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This year's nonexistent flu season could prove problematic for vaccine developers

Hospitals have seen only a few silver linings throughout the COVID-19 pandemic — a dramatic drop in the flu and other respiratory illnesses among them. But a year without the flu could actually be a problem for vaccine developers and disease forecasters, as well as for people who've gone a whole year without reinforcing their immune system against respiratory diseases, The Atlantic reports.

As 2020 ended and the pandemic began overlapping with the start of a typical flu season, the Mayo Clinic was among hospitals that began testing patients with respiratory symptoms for both COVID-19 and the flu. But among the 20,000 flu tests it conducted between December 1 and February 1, zero came back positive. The Centers for Disease Control and Prevention similarly reported a mere 0.2 percent flu positivity rate among 800,000 lab samples reported nationwide.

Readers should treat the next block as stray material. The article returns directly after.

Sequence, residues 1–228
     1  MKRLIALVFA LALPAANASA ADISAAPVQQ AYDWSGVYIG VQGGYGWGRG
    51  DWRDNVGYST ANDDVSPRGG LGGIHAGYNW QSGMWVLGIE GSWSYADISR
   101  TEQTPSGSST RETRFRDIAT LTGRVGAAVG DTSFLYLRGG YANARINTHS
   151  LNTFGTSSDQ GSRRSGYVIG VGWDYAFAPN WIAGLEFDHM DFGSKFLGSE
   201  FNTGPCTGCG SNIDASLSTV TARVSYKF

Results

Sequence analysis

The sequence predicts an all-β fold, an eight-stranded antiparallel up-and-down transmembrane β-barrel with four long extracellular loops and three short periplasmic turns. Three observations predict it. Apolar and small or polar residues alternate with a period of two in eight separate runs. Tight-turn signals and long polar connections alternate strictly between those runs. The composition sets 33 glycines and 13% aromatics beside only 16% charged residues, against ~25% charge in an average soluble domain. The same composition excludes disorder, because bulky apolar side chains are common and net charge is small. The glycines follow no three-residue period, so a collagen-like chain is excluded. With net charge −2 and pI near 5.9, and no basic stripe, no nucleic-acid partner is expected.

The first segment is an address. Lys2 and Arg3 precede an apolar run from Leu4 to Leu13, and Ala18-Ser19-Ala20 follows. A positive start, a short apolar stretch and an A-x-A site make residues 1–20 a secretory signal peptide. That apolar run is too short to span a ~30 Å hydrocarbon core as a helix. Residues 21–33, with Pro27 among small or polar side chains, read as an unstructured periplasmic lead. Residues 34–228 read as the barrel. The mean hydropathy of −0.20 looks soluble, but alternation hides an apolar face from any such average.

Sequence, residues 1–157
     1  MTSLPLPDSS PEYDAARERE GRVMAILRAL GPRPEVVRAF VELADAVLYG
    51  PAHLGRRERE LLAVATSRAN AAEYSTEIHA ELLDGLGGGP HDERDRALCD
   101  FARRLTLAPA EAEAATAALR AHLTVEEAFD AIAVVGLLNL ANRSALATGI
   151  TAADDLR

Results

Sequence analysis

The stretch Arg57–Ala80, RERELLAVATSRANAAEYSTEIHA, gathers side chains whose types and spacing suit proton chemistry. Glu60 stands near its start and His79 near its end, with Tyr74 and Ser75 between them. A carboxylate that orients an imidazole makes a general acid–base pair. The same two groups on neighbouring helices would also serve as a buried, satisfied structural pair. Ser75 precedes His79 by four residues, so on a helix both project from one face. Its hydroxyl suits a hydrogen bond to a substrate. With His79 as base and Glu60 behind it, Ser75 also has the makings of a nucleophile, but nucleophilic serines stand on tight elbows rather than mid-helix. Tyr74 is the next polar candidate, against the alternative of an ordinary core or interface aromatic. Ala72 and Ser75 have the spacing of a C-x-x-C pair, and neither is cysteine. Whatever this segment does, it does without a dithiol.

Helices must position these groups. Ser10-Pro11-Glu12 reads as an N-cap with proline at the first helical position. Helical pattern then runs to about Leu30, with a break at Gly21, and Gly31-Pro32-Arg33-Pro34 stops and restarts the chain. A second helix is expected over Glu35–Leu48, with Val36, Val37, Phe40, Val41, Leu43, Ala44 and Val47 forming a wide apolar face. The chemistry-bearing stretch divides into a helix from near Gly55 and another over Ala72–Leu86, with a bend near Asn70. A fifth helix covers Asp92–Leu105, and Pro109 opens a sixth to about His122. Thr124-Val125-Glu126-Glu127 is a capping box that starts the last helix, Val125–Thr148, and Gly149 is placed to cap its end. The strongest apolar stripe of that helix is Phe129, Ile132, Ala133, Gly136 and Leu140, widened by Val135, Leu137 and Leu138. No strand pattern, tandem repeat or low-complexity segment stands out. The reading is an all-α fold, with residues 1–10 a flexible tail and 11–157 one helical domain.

While the flu dropoff was great news for overwhelmed hospitals, it hasn't been helpful for scientists who monitor the flu's constant mutations. Virologists and vaccinologists typically pore through mountains of samples from around the world to predict what the next year's dominant strain will look like and make vaccines to counter it, Stacey Schultz-Cherry, a virologist and immunologist at St. Jude's Children's Hospital, tells The Atlantic. A year without exposure to the virus could also prove problematic for the human immune system, and especially for children who have been exposed to few, if any, varieties of the flu.

Scientists may not have the best view of what's going on with the flu right now. But Florian Krammer, a virologist and flu expert at the Icahn School of Medicine at Mount Sinai, suggested two possibilities. Hopefully, a lack of flu circulation "could end up throttling the circulating strains — possibly even taking one out of commission entirely," The Atlantic writes. But it's also possible the flu family tree could split in two, creating a strain scientists don't even know about until it goes viral. Read more at The Atlantic.